||On March 20,
2003, San Francisco celebrated the Grand Opening the New Asian Art Museum/Chong-Moon
Lee Center for Asian Art and Culture at 200 Larkin Street in the old
Main Library. The 1917 building was updated by renowned architect Gae Aulenti
of Milan. The New Asian Art Museum was completed as the result of a $160.5
million public/private partnership including a $50 million bond initiative.
The museum features nearly 40,000 square feet of gallery space and will
hold more than 14,000 objects representing 6,000 years of history. The
oldest known Buddah in the world, a figure dated to 338 A.D., is among
the treasures of the "New Asian."
The opening day ceremony
was held the morning after U.S. forces invaded Iraq. California's Secretary
of State, San Franciscan
Kevin Shelley made
the sole mention of events in the Middle East during the ceremony when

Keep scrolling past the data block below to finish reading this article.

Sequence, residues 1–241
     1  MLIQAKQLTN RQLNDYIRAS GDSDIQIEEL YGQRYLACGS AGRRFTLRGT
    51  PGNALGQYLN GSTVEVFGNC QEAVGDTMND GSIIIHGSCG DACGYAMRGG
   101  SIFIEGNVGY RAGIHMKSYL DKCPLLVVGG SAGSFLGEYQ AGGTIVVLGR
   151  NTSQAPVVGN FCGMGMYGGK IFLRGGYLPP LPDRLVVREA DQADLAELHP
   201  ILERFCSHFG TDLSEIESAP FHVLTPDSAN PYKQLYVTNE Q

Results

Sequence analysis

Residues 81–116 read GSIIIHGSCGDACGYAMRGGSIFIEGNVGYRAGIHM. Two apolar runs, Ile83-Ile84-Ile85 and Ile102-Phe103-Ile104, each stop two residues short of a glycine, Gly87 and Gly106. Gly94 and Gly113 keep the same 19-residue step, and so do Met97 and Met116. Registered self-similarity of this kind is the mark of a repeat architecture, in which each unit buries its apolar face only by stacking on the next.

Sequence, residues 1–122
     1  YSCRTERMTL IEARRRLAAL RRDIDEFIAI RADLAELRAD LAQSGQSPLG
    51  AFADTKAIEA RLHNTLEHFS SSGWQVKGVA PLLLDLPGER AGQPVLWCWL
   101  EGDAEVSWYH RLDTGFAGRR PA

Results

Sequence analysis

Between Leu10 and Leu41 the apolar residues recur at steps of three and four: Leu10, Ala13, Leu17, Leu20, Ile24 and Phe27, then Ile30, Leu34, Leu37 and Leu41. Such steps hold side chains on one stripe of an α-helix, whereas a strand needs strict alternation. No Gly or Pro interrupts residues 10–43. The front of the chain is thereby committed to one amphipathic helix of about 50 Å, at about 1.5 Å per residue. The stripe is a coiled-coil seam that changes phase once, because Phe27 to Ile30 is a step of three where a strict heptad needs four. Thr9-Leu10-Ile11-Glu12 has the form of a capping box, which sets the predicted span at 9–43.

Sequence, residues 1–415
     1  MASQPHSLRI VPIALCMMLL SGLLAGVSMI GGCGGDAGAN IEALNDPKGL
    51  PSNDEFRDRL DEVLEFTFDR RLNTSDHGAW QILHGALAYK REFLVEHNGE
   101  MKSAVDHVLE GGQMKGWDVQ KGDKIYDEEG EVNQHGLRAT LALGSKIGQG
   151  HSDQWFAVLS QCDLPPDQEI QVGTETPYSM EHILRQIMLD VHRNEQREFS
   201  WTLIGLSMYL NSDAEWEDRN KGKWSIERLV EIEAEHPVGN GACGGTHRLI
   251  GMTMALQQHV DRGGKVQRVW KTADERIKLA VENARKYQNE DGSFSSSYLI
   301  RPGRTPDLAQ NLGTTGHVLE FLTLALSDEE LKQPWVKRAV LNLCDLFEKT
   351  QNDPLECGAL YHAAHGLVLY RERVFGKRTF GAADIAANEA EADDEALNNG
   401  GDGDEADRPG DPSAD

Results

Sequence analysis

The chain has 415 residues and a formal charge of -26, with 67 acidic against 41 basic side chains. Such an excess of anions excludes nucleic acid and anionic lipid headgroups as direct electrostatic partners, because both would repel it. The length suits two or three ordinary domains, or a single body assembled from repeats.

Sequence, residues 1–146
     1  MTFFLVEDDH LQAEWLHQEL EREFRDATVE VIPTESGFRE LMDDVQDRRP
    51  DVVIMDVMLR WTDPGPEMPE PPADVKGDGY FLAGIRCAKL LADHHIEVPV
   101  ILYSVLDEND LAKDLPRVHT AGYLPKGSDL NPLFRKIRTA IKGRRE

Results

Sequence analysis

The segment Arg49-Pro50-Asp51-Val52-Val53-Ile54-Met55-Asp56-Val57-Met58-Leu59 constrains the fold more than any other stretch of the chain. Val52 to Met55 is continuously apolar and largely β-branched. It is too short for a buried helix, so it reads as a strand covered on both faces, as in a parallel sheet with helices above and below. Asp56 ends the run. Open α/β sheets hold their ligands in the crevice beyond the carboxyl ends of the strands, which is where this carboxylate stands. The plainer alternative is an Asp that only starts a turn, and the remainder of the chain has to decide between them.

he told those gathered, "War represents the worst of humankind; art represents
the best of humankind." The ceremony was interrupted by demonstrators for
only a few seconds during remarks by Museum Director Emily Sano, but the
scene was rife with drama. Helicopters swarmed overhead as news bureaus
followed the anti-war demonstrators who had shut down nearby intersections.
Surrounded by hundreds of art patrons, dignitaries, citizens, police officers,
and demonstrators, the City ushered in its new Asian Art Museum. The San
Francisco Boys' Chorus sang America the Beautiful and the National Anthem
to a somber crowd. A scheduled blast of 300,000 firecrackers was cancelled.